Liner operations with the Eichberger Drive

spaceships
faster-than-light
transport-economics

#1

I’m about to start investigating liner operations and interstellar transport costs in Flat Black. This is going to involve committing to facts and numbers about the Eichberger drive and the things liners have to do to use it, beyond the existing¹ “it goes about 1,000 times lightspeed, and is dearer than surface ships but cheaper than air liners”. There is going to be a bit of fiddling around to do, assumptions to experiment with and alter. If you notice anything about the specification below that might have implications that I haven’t thought of, please let me know about them and I’ll try to nip the problems in the bud.

This is mostly a set-up to (a) writing what manœuvre drives liners and warships have to effect their evolutions on the pre-FTL and post-FTL legs of any trips, (b) writing a description of what a liner journey is like for PC passengers, and © writing a statement of typical fares and freight rates. I’m fiddling around with GURPS Spaceships rules as a starting-point, but I feel free to change things if I don’t like the results, and no obligation to be compatible with the GURPS Spaceships approach.

Starting assumptions:

  1. The Eichberger Drive is used by ships in space, thousands of kilometres from any atmosphere. If for no other reason, this is because if it used in/near an atmosphere it causes all the elements from hydrogen to about xenon within a large distance to undergo fusion at room temperature.
  2. For its drive to function as a drive (rather than a type of fusion warhead) the ship has to be not gravitationally bound to the solar system² it’s in, which means that it has to be travelling at above the escape velocity for the joint gravitational field of the planet and star at its origin. In the case of Earth/Sol that’s about 17 kilometres per second, towards which orbital speed around Earth contributes if you choose the right direction — liners head east from the night side. (Earth’s orbital speed is already taken into account in that 17 km/s figure. You can make the requirement more demanding by heading in the wrong direction if you want to.)
  3. The drive functions as what GURPS Spaceships calls a “hyperdrive”, i.e. the ship travels at finite speed and cannot interact with intervening objects (including detecting them), but it does not involve being in a “hyperspace” that is shared in any way with other ships. Essentially a ship in drive is temporarily in a pocket universe.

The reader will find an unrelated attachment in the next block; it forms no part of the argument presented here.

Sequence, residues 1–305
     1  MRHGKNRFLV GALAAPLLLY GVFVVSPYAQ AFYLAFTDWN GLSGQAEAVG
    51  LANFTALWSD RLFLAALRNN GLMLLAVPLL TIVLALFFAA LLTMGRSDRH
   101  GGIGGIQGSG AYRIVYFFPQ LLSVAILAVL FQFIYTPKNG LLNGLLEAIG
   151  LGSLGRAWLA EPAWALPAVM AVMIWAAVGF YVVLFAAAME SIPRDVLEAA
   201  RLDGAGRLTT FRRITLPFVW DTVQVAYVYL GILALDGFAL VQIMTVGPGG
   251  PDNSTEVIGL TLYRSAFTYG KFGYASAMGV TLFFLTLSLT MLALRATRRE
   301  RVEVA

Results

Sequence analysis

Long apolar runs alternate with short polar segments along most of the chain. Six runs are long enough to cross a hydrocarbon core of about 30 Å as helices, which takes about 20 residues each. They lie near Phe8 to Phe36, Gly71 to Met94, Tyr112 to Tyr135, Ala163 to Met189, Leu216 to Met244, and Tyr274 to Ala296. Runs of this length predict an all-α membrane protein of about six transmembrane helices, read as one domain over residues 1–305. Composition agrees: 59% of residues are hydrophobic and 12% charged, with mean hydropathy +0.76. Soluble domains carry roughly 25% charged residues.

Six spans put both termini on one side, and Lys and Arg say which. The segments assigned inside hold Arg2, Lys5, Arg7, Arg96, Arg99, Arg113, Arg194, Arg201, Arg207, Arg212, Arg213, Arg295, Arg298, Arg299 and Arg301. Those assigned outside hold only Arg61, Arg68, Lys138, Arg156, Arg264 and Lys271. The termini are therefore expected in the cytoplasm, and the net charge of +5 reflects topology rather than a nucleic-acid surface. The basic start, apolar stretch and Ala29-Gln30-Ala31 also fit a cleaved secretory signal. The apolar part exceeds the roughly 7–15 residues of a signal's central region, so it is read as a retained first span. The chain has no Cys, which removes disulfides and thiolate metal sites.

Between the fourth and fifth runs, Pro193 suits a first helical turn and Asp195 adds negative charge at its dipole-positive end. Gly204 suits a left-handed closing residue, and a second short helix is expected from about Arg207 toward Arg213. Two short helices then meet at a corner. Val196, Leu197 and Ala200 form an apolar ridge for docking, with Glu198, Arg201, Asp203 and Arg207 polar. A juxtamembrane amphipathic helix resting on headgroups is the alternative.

4. The speed of the ship in drive is about 1,000c. That’s reasonably close to the 1 parsec-per-day suggested by GURPS Spaceships for FTL-1, but that’s coincidence and I’d certainly be happy to change it if I needed to. This is a situation like the use of “quantum I hyperdrive” and “quantum II hyperdrive” in Larry Niven’s Known Space. That is, all ships travel at the same speed; bigger drives don’t give you greater speed.
  5. When the ship arrives it is at rest with respect to the barycentre of its destination system, so it needs delta-vee equal to the orbital velocity of its destination planet minus low-orbit velocity around its destination planet.
  6. Energy is conserved in the following way: upon the arrival of a ship its excess energy is released in a violent convulsion heralding its arrival, and producing gravitational waves and a brief flash of black-body radiation with temperature characteristics related to the ship’s energy and drive size.
  7. The mass of the drive required is 5% of ship mass. This is a GURPSism, I may change it, and may have drive size diminishing with increasing tech level.
  8. The cost of Eichberger drives is as given in GURPS Space for stardrive systems. I will very likely alter this assumption to tune the results. Very likely the cost of Eichberger drives will diminish with increasing technology.
  9. Eichberger drives require no fuel and are not high-energy systems in GURPS Spaceships terms. However, they do require periodic maintenance to replenish consumables and replace fatigues parts. I’ll start with an assumption that overhauls cost 1% of drive cost per 1,000 engine hours.

¹ Previous versions of Flat Black had various specifications of the Eichberger Drive, which differed from each other and from what I’m about to specify now. The first few were instantaneous. Their quirks produced features that I didn’t like, so if you remember them from previous versions please disregard those recollections. We have always been at war with Eastasia.
² But not to the Galaxy. The physics is complicated and a classified. You are not cleared to hear the engineer explain it, and not cleared to be able to understand it if he did. Report to the food vat.


#2